Legislation and VAW: Women now occupy 8.4% of seats in parliament, which is an improvement. There are national laws that protect women and girls against violence. These include, the Constitution of the Democratic Republic of Congo; the Law on Sexual Violence; the Family Code; the Labour Code and the Criminal Code. DRC has ratified CEDAW and the Protocol of the African Charter on Human and Peoples’ Rights on the Rights of Women in Africa. Resolution 1820 of the United Nations Security Council points out that rape and other forms of sexual violence can constitute a war crime. All these provisions exist to protect female victims of violence; however they are often not enforced. Information and communication technology (ICT): The lack of broadband infrastructure and networks do not support the development of the ICT sector in DRC. Sixty-seven percent of the population lives in rural area and does not have access to ICTs. Internet services are under-developed and access costs are unaffordable to most. The number of fixed line subscribers does not exceed 10,000 and that of internet users, approximately 100,000. The number of cybercafés is small with approximately 210 cybercafés in the country, of which 65% are in the capital, Kinshasa. There are only 5 or 6 internet service providers that are operational of an estimated 30. On the other hand, mobile telephony has seen a very strong expansion, surpassing 300,000 subscribers in the year 2000 with nearly 10 to 12 million lines (many subscribers have two lines), and a penetration rate about 20%. Sex-disaggregated data is not available. Intersections between violence against women and girls and ICTs in the DRC are not well established. There are cases of men and boys using mobile phones to film their female partners nude and transmitting them via Bluetooth1. Women and girls seldom have means of defending themselves. Mobile phones are used frequently as a method of control over married women. The internet makes it possible to share experiences and receive information to advance the cause of women’s rights but can facilitate violence towards Congolese women and girls. Poorly trained in the use of ICT tools, Congolese women and girls do not have a technical framework for using ICT to counter the violence they experience. Professional women in the media often denounce they experience sexual harassment, without anything being done.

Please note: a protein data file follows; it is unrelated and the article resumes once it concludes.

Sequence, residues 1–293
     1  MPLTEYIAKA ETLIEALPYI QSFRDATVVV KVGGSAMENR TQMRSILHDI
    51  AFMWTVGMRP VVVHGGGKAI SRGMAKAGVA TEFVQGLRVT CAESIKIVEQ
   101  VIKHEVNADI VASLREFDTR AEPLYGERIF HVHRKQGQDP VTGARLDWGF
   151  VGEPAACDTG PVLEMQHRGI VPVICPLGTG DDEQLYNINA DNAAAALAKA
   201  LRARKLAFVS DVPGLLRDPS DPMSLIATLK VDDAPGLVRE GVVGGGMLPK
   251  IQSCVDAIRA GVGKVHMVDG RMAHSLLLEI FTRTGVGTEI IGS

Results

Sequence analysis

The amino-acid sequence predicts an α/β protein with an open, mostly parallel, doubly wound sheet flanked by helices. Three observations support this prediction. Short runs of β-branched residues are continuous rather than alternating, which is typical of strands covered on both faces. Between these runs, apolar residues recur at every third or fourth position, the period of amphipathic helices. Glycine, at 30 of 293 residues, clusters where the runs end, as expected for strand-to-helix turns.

ICTs used in combating VAW: Projects using ICTs to combat violence against women and girls in the DRC are often implemented by international organisations; very few local women's rights activists and organisations have the ability or the technical and financial means to do so. There are radio and television programmes in French and Lingala which play a vital role on matters related to violence against women and girls and which use cell phones to involve listeners and give a forum to voices that would have no other means of access to media. ICTs are used to protect human rights defenders who are often threatened. Recommendations For government: promote competition in the telecommunicationsFootnotes

1Bluetooth is a wireless protocol for exchanging data over short distances from fixed and mobile devices.

Universal Service

Mid 2017, The government of the DRC announced the launch of the fund for access and universal service to improve connectivity.

Léon Juste Ibombo, Minister of Telecommunications and the Digital Economy, said the fund would enable it to provide communications infrastructure and services in both rural and landlocked areas of the DRC.

“The operators have been informed that they will be contributing 2% of their turnover to the new fund,” said Ibombo.

According to the Minister, the fund is an active step being taken by the government in conjunction with the industry's stakeholders to address poor network coverage and poor quality of service in the country. He said the government has been sanctioning operators, especially Airtel and MTN, since 2014 - yet there has been no significant improvement in the quality of service offered by operators.

In addition to the new fund announcement, he also issued an ultimatum to operators to improve the quality of their service within two months.

“The government of the republic, by my voice, wishes to emphasise that the quality of services is a non-negotiable requirement. Consumers must have a normal and adequate voice and data service, which is nothing more than the consideration for a purchased service such as the payment of their recharge cards, among other things.”

Investment protection for operators

In a related development, the country's minister for new information and communication technologies, Emery Okundji, has assured the GSMA that the country is making efforts to ensure that the investments made by the telecoms operators in the country are well-protected.

Speaking at a GSMA workshop in Kinshasa under the theme How to liberate and fully exploit the potential of 4G in the Democratic Republic of Congo, the Minister said the government is building a telecom ecosystem in which all stakeholders will benefit.

“To safeguard the investment of telecom operators in the country, the DRC guarantees them the option of renewing their license once it expires. The draft law on telecommunications tabled by the government for adoption in parliament fixes the duration of a license at 20 years and provides for the possibility of its renewal. Such a provision constitutes, certainly, a guarantee of security of investments.”


Resources / References